If signed as anticipated, the agreement for the compensation program would provide a system by which countries could be paid for conserving ebbing natural assets based on their contribution to reducing emissions, The New York Times reported Wednesday.
Environmental groups at the U.N-sponsored summit in Copenhagen, Denmark said the pact could be the biggest accomplishment of the summit.
"It is likely to be the most concrete thing that comes out of Copenhagen -- and it is a very big thing," said Fred Krupp, head of the Environmental Defense Fund.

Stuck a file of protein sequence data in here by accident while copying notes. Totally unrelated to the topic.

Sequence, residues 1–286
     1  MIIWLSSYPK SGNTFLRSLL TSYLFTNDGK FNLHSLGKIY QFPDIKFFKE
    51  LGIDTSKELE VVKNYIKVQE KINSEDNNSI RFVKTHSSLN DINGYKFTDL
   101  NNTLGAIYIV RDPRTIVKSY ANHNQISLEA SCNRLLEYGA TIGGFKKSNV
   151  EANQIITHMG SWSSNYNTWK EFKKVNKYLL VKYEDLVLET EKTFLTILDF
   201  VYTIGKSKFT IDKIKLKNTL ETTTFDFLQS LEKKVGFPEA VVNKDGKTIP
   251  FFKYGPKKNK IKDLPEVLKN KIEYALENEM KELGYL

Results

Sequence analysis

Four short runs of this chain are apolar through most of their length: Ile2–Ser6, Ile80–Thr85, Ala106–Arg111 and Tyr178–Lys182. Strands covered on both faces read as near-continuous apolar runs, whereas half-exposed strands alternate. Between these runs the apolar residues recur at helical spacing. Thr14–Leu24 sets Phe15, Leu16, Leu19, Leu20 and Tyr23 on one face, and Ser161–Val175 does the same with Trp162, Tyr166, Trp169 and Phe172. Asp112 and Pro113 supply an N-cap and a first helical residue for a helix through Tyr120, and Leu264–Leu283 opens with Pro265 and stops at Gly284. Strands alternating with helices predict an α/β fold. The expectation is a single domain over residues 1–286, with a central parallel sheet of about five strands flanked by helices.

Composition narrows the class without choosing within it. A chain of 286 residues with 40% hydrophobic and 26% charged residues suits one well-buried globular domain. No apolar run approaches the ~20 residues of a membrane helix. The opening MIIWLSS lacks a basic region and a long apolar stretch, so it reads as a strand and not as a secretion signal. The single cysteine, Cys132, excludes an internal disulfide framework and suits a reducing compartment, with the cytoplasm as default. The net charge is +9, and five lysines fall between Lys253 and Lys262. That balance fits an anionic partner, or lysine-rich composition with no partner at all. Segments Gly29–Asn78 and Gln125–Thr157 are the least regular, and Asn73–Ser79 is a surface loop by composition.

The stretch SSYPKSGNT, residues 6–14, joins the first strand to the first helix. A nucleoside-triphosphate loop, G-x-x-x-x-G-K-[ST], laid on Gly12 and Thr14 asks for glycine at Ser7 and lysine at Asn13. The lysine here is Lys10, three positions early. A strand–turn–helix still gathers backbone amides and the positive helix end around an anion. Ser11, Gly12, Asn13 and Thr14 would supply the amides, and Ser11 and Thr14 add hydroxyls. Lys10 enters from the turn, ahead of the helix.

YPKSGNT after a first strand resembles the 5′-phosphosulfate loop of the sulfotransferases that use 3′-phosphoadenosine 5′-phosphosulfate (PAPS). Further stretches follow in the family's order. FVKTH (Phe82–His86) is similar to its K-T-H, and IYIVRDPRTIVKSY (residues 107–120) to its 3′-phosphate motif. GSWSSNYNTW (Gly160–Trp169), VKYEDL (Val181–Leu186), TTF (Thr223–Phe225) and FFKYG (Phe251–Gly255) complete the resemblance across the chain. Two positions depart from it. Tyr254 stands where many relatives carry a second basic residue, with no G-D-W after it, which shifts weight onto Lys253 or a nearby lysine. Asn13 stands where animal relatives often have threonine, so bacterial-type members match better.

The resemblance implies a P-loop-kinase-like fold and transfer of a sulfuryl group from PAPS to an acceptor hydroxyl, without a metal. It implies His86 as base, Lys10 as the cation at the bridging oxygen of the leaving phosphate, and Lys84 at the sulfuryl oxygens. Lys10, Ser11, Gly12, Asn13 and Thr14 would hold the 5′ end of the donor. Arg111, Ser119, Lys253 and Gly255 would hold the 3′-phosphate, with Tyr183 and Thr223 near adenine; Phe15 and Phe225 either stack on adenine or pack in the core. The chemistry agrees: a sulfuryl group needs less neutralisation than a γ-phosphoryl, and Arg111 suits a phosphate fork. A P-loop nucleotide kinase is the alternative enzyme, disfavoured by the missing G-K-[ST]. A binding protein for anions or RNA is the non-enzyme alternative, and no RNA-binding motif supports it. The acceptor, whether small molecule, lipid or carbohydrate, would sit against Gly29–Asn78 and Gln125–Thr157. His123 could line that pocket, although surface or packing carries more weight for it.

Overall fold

Environmental groups support such a program because forests absorb carbon dioxide, the primary gas linked to global warming. Rain forest destruction, which releases the tree-stored CO2, is estimated to make up about 20 percent of greenhouse gas emissions globally.
A final draft of the Reducing Emissions from Deforestation and Forest Degradation was to be presented Wednesday to summit participants, but likely won't be announced until the end of the week when world leaders arrive, the Times said. Yet to be resolved are how to address the rights of indigenous people living on forest land and how a forest is defined.
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